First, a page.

Final battle in Flanders Fields to save trench that is forever Yorkshire

A century after it fell silent, a new battle is under way to save the only First World War tunnelling system to have been preserved in its original position on the killing fields of Ypres.

John Morrison, of the Yorkshire Officer Training Regt, who is leading a campaign  to save the Yorkshire Trench at Ypres
John Morrison, of the Yorkshire Officer Training Regt, who is leading a campaign to save the Yorkshire Trench at Ypres

The Yorkshire Trench, named after the men from across the old West Riding who dug it, had been the gateway to the horrors of Passchendaele. Resurrected two decades ago, it had stood as a monument and a centre for educating successive generations about the realities of life on the front line. But with its collapse now imminent, a fundraising drive to save it has been launched back in Yorkshire.

Flanders is no longer given over to fields. In the Belgian town of Boezinge, just north of Ypres, they have built an industrial estate over the network of communications tunnels which once connected the front-line trenches. The Yorkshire soldiers named them after places back home: Strensall Road, Leeds Road and Huddersfield Road – all now buried now beneath vast warehouses.

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But between the aluminium roofs alongside the Van Leper Canal, lies a piece of the past that time has not touched.

The area by the Ypres Canal where the Yorkshire Trench was situated.

The Yorkshire Trench and Dug-Out had been lost for decades beneath the brambles, until developers were followed on to the site by a team of Belgian archeologists. Amidst the remains of 155 British, French and German soldiers lost in battle and never recovered, they found what had in April 1917 been the British front line.

Using duckboards for a floor and sandbags for walls, just as the soldiers had done, they rebuilt the trenches foot by foot.

“Their work has lasted longer than the First World War itself, but it’s now in danger of falling back in on itself. What we’re trying to do is raise funds to put it back into a condition where people can visit it again,” said John Morrison, a reservist with the Yorkshire Officers’ Training Regiment at Carlton Barracks in Leeds, who has organised educational trips to the site for officer cadets.

The Yorkshire Trench earned its name after it was taken over and improved upon by the 49th West Riding Infantry Division, made up of men from Leeds, Sheffield, Huddersfield, Halifax and the surrounding towns. Soldiers of the 173rd Tunnelling Company of the Royal Engineers, many from the Yorkshire pits, had helped the French forces dig it in the first place.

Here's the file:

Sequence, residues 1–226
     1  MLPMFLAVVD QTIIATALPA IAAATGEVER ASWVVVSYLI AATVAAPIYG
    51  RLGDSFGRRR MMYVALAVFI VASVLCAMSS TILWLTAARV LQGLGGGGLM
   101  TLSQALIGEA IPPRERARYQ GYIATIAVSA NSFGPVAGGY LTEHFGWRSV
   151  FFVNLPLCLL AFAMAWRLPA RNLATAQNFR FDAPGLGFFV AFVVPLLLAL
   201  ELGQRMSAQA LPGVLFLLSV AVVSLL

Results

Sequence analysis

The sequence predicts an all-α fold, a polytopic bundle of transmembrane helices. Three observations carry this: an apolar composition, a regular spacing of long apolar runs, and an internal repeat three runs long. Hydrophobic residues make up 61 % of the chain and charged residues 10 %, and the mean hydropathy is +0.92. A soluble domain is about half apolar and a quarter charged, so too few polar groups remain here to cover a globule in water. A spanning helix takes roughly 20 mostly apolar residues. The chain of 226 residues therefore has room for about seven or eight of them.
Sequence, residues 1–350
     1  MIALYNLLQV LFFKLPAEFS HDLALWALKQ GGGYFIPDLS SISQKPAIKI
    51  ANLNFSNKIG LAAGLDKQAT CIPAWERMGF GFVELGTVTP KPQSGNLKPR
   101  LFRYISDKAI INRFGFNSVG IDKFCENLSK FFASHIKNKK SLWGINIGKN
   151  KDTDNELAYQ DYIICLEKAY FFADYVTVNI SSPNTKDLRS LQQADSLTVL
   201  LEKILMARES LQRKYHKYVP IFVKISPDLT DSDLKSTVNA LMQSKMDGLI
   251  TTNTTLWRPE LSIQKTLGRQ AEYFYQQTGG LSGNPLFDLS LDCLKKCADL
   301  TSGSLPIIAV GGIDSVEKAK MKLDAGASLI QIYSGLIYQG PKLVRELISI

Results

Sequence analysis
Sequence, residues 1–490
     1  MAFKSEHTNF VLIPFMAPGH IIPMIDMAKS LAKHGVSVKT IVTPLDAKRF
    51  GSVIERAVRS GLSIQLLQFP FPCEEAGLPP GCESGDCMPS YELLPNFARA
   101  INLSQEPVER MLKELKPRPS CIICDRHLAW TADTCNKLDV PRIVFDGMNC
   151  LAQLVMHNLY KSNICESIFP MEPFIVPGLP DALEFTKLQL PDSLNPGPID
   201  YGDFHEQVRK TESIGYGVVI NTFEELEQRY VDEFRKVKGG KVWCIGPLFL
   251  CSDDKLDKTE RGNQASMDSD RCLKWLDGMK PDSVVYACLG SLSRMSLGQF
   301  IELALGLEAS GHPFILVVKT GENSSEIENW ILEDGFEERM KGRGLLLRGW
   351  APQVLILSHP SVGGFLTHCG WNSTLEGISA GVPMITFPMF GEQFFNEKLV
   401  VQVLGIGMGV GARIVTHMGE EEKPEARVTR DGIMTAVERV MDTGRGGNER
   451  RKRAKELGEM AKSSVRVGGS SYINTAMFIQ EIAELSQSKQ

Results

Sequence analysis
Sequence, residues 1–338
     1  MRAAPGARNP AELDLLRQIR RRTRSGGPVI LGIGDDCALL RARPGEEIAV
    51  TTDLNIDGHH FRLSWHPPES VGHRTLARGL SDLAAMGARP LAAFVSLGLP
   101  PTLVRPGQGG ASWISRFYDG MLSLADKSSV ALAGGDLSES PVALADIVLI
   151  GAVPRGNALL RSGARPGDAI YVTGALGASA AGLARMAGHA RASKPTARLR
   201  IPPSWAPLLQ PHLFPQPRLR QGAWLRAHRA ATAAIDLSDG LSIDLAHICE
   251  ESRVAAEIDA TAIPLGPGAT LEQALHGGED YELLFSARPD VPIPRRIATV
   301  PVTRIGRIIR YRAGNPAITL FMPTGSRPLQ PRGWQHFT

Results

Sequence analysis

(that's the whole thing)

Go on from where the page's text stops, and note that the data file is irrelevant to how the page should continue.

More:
Excavations of the Yorkshire Trench in the 1990s.

“These are people who were probably digging out a sewer back home one Friday and by the following Thursday were digging tunnels in Flanders Fields,” said Mr Morrison, who estimates that the trench will cost around £100,000 to repair. Some of the money will come from the town of Ypres, which owns the site, and from the In Flanders Fields Museum, which has curated it. A crowdfunding page has been created online to contribute towards the balance.

“A lot of people had gone out of their way to get the archeological dig done after the trench was rediscovered, and they are understandably upset that it has now deteriorated into its current condition,” Mr Morrison said.

“This is part of our Yorkshire heritage. It is on this small piece of Belgian land where so many British soldiers, many from Yorkshire, fell in battle. It is in remembrance of them that we must repair, and preserve this historic trench and show the true reality of war.”

The remains of the soldiers recovered from the excavated trench were reburied with full military honours in nearby cemeteries but only one, a Frenchman named François Metzinger, could be identified.

The Yorkshire Trench first saw heavy fighting in 1915, with the loss of around 500 lives. From 1916 it was on the first line, and the following year its dugout was HQ for two Battalions of the Royal Welch Fusiliers at the start of the Battle of Passchendaele.

An army record contains the entry: “Front line is in dreadful state. Line only held by a series of outposts disconnected from each other. Trenches mostly falling to pieces.”

The fundraising page for the trench’s restoration is at

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